Simple, great value for the user. Start by creating short, simple content that is easily consumed by the audience. A good example of this is the New York Times 360 Daily.
Make VR social. VR needs to become social (more than two people in the experience together) to be a real driver in the market. Virtual reality will start becoming even cooler once people start really interacting with each other in it such as playing games, working, or socializing. It will become Facebook on steroids.
Panel Discussion: Immersion in VR
Next, I listened to a panel discussion about immersion in VR. The panelists were Grace Ahn, Page Anderson, and Tony Lemieux. This panel was pretty interesting because these three folks have been doing scientific VR research. I was even lucky enough to sit with Dr. Anderson during lunch! She has been using VR for cognitive-behavioral therapy for an anxiety disorder since the late 1990s.
What I thought was interesting about this panel was the effects of VR on people. For instance, Dr. Anderson found in her research that immersion changes the way people respond to outside threats. That means if you’re scared of something in real life, you can learn to control the fear safely in virtual reality so that it doesn’t affect you in those real-life moments. One of her examples was how she helped people get over their fear of flying after 9/11.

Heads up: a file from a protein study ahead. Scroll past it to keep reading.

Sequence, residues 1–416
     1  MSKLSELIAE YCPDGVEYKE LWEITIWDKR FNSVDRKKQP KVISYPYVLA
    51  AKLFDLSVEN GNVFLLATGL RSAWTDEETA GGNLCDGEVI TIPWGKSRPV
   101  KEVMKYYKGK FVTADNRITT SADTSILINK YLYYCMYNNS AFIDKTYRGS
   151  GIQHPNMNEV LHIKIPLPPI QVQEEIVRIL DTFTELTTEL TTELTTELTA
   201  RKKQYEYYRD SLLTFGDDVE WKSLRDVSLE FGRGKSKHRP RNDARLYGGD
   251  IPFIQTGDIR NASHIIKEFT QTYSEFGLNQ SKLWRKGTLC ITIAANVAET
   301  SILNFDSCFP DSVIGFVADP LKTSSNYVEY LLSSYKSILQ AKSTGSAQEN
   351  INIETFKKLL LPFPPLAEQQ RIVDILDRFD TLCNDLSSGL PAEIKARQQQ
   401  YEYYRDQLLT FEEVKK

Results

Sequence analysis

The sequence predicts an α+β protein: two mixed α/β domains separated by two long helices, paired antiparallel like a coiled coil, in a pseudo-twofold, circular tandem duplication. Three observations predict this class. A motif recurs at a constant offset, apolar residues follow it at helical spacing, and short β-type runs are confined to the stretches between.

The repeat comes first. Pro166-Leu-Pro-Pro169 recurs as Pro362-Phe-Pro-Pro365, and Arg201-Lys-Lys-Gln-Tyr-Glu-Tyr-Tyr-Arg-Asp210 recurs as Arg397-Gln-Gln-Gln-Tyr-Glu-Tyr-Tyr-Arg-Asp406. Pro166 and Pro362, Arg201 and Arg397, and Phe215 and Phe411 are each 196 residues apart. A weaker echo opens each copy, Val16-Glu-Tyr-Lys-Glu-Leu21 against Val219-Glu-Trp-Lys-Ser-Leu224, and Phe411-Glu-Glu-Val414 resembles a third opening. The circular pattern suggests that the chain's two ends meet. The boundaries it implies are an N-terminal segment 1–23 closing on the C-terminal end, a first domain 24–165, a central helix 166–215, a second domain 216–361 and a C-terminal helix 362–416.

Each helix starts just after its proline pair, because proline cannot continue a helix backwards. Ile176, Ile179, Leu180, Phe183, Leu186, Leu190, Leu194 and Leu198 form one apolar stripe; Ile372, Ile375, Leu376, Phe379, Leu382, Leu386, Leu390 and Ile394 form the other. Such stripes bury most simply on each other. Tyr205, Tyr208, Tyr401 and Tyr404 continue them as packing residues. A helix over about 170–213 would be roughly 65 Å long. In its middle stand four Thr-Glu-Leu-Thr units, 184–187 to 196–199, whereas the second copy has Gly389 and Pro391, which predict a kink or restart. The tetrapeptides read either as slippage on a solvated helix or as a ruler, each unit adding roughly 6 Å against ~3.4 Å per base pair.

I heard some other interesting facts that I worked into my talk for IIEX Europe. Grace Ahn found in four-year-olds that you can implant false memories from VR experiences. One of the experiments she did was to have the children “swim” with a pod of orcas. She brought the children back a week later, and they talked about swimming with the orcas like it actually happened.
Of course, you can’t talk about where VR is going without mentioning the enterprise. Virtual reality is a communication tool. You can already share a virtual meeting room remotely with a colleague on the other side of the world. 2017 will show more integrations into VR from other software to make it a more viable business tool.
@Ryan_a_bell head of VRScout